Jack Roosevelt "Jackie" Robinson (January 31, 1919 – October 24, 1972) was an American Major League Baseball (MLB) second baseman who became the first African American to play in the major leagues in the modern era. Robinson broke the baseball color line when the Brooklyn Dodgers started him at first base on April 15, 1947. The Dodgers, by playing Robinson, ended racial segregation that had relegated black players to the Negro leagues since the 1880s. Robinson was inducted into the Baseball Hall of Fame in 1962.
Robinson had an exceptional 10-year baseball career. He was the recipient of the inaugural MLB Rookie of the Year Award in 1947, was an All-Star for six consecutive seasons from 1949 through 1954, and won the National League Most Valuable Player Award in 1949—the first black player so honored.Robinson played in six World Series and contributed to the Dodgers' 1955 World Series championship. In 1997, MLB "universally" retired his uniform number, 42, across all major league teams; he was the first pro athlete in any sport to be so honored. MLB also initiated and adopted for the first time on April 15, 2004, a new annual tradition, "Jackie Robinson Day", on which every player on every team wears #42 on April 15.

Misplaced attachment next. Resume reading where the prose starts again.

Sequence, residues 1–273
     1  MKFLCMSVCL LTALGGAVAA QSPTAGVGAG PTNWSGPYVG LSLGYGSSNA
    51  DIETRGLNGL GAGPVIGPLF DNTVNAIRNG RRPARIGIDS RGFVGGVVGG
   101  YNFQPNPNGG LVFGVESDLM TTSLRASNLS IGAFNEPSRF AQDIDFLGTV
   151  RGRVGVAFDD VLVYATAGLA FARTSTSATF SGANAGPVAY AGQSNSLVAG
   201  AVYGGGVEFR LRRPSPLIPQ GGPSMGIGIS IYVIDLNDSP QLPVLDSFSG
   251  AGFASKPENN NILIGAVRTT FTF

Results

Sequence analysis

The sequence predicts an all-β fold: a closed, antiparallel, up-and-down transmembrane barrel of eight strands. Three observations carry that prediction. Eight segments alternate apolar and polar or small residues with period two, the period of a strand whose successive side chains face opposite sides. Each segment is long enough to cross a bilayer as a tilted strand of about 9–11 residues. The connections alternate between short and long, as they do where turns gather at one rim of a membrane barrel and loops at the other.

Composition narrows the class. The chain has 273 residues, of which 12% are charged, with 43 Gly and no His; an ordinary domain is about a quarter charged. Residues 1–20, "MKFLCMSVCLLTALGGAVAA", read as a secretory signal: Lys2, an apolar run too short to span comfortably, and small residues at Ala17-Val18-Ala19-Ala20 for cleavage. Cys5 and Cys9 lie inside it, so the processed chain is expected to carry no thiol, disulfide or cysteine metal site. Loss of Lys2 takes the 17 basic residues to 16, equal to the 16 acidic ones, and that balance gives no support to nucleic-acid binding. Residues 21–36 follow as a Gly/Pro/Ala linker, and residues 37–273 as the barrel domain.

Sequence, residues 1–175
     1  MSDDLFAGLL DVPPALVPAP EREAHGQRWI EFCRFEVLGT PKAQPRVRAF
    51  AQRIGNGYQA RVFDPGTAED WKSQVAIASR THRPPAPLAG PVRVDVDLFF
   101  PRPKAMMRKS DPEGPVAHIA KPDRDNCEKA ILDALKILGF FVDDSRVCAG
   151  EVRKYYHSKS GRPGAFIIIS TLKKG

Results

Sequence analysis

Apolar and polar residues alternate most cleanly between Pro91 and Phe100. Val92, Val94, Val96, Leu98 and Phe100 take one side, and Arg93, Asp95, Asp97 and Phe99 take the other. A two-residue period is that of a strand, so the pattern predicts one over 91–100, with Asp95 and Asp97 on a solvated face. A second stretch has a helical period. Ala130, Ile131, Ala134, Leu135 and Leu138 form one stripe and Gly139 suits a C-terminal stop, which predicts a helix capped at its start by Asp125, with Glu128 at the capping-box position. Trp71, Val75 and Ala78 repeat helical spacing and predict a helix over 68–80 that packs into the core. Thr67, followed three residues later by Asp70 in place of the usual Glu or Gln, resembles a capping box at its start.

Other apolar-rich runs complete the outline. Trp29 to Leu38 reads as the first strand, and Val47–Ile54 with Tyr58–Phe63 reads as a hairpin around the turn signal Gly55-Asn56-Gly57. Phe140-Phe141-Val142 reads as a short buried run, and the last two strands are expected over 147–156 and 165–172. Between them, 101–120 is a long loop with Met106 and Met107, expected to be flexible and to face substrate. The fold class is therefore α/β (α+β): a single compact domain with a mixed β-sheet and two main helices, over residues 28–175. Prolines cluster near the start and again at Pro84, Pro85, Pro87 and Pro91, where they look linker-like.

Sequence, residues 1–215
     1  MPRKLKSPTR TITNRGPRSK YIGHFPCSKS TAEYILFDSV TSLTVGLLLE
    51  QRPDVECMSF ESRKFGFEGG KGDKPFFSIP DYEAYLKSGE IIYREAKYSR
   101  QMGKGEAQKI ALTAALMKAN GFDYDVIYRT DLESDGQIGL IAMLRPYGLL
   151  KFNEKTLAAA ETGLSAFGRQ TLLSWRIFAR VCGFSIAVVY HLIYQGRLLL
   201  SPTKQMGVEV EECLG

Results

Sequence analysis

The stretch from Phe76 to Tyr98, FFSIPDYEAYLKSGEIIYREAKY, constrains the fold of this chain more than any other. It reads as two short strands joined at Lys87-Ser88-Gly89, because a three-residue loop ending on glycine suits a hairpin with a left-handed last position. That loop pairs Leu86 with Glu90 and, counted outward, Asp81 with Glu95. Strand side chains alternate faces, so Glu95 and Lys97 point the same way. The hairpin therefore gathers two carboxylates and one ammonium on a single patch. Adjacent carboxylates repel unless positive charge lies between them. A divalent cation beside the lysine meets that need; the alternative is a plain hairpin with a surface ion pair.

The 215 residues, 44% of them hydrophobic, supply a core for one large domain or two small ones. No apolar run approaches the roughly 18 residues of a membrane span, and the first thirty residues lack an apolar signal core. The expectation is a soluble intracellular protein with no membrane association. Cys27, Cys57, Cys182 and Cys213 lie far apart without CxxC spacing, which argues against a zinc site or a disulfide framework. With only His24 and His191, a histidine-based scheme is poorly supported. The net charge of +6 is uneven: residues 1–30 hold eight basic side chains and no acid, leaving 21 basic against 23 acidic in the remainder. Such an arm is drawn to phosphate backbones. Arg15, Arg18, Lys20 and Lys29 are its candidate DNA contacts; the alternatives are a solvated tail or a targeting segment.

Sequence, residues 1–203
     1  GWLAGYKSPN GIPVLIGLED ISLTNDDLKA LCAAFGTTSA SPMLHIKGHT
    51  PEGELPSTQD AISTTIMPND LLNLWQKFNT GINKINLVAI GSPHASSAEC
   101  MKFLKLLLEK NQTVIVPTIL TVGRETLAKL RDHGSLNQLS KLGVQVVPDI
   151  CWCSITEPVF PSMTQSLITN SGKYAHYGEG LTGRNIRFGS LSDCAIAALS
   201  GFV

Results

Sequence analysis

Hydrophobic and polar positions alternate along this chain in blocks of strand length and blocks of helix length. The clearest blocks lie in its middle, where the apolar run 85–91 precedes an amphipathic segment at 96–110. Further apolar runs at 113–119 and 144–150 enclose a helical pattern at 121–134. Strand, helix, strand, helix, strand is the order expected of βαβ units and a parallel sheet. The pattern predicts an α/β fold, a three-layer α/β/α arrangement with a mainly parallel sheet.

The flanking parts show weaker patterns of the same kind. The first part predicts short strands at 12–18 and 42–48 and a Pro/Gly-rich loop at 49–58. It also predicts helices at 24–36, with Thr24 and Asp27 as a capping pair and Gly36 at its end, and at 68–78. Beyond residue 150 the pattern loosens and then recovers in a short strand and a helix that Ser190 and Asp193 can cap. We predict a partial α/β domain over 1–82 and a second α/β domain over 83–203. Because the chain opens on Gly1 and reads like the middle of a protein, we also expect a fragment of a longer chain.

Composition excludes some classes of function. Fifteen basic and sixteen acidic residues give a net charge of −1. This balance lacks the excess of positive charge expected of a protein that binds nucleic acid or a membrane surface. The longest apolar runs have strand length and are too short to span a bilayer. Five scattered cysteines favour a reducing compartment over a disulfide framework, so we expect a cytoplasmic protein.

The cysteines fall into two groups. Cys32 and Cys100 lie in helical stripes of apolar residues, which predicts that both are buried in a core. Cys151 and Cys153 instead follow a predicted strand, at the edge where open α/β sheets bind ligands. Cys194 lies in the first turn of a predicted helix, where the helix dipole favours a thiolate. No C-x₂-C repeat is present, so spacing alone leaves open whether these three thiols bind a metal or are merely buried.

Robinson's character, his use of nonviolence and his unquestionable talent challenged the traditional basis of segregation which then marked many other aspects of American life. He had an impact on the culture and contributed significantly to the Civil Rights Movement. Robinson also was the first black television analyst in MLB, and the first black vice president of a major American corporation, Chock full o'Nuts. In the 1960s, he helped establish the Freedom National Bank, an African-American-owned financial institution based in Harlem, New York. In recognition of his achievements on and off the field, Robinson was posthumously awarded the Congressional Gold Medal and Presidential Medal of Freedom.
By Dean Hanley
Page : 1